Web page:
Professor emeritus, Institute for Advanced Social Research, University of Tampere, Finland
Preliminary title of the keynote talk:
“Nordic Welfare State: the home of universal services”
- Professor of Social Policy and Social Work at the University of Tampere 1982–2009.
- Rector 1998–2004 and Chancellor of the University of Tampere 2004–2009.
- Chairman of the Finnish Academy of Science and Letters 2012–2014.
Research interests: Welfare state theory and history, social policy, services for the elderly and children, cash-for-care arrangements. At the moment writing a book on State and Well-Being together with Anneli Anttonen.
Books in English:
- Sipilä, Jorma & Repo, Katja & Rissanen Tapio (eds) (2010) Cash-for-Childcare: Consequences for Caring Mothers. Edward Elgar, 168pp.
- Kröger, Teppo & Sipilä, Jorma (eds) (2005) Overstreched. European families up against the demands of work and care. Malden: Blackwell, 176pp.
- Anttonen, Anneli & Baldock, John & Sipilä, Jorma (eds) (2003) The young, the old and the state. Social care systems in five industrial countries. Cheltenham: Edward Elgar, 206pp.
- Sipilä Jorma (1997) (ed.) Social Care Services: The Key to the Scandinavian Welfare Model. Aldershot: Avebury, 198s. (in Japanese 2003)
Most exciting present and future developments in my field of aging research: (these issues may motivate any people who understand that their life is affected by government decisions.)
State policies are extremely important to everyone who works with the care of elderly people. Although we all perceive the strong trend towards privatization we find it difficult to think of a return to the 19th century. Thus, it is a big question how the state will take part in financing and organizing care services in the future.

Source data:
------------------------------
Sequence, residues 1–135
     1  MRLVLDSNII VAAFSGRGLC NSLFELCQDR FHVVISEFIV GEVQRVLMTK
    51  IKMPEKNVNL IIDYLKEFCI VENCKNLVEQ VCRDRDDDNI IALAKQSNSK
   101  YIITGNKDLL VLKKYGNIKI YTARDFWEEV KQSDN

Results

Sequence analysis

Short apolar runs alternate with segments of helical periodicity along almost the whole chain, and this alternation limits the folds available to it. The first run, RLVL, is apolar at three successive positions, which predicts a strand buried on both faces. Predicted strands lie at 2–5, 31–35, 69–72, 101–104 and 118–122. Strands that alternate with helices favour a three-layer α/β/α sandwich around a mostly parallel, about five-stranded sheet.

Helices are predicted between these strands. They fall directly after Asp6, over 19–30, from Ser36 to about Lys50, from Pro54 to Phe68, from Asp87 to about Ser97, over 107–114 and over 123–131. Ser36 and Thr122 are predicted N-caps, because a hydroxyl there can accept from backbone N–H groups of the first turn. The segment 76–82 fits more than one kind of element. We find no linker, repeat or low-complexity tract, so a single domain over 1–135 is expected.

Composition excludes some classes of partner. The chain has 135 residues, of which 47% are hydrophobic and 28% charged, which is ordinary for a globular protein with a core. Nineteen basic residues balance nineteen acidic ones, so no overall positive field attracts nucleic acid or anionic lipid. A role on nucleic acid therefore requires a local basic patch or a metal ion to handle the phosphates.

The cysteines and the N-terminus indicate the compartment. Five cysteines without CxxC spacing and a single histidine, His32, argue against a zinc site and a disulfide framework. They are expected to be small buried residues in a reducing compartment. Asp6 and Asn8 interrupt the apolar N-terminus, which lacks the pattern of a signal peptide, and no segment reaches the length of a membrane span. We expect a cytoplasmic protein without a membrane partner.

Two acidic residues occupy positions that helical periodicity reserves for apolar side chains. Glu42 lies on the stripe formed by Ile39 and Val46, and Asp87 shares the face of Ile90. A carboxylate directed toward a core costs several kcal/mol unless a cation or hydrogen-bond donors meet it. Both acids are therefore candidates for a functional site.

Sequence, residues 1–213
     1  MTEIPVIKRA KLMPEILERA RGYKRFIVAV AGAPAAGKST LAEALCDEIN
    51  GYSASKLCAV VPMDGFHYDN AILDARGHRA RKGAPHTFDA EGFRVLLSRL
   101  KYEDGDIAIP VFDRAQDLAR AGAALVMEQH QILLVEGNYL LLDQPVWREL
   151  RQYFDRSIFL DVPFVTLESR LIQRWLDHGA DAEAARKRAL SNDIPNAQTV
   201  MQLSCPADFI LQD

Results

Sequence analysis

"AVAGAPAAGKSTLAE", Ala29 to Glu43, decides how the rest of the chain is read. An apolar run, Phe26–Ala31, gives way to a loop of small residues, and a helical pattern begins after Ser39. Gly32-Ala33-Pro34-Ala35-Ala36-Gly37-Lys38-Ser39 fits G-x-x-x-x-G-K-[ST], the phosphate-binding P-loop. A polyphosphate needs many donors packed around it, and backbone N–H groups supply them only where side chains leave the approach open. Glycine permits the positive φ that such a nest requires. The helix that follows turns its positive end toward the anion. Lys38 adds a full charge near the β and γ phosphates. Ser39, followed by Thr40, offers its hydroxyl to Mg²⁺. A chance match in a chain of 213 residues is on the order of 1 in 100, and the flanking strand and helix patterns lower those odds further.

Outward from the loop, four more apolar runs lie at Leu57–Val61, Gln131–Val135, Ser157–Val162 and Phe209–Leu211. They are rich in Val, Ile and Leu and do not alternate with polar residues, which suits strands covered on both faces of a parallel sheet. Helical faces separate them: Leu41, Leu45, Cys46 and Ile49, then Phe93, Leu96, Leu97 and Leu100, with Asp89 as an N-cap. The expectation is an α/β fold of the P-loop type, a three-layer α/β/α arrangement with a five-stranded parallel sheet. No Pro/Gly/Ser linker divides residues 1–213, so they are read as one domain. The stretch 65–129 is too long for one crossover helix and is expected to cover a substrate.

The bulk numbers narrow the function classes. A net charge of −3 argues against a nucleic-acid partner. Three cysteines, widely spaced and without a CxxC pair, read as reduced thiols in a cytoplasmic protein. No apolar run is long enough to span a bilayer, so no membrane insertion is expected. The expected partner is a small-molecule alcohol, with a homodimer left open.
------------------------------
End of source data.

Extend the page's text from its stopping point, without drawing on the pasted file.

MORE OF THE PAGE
Recently, governments have lost much of their ability to affect the economy. Financial capital on the one hand needs the stability and tax revenue that only state can provide, but on the other hand it wants to minimize the influence of the state. The transnational interventions of financial capital have particular influence on countries which are members of the EU and have adopted the euro, like Finland.
Nordic countries have been special with their public services manifesting humanity and woman-friendliness. These features are specific consequences of interventions made by exceptional states. On the other hand, the large role played by the state makes the Nordic model currently vulnerable. Public service financing is heavily based on tax revenues, and the level of benefits depends on the decisions of Parliament. In principle, services financed by health insurance are more secure because of the legality provided by individual contracts and premiums. Indeed, one of the weaknesses of services with universal coverage is that they must be funded by the government, especially as the Nordic governments no more function as they used to do.
What do I expect from 23NKG?
I hope to learn more of differences between the Nordic ways of thinking.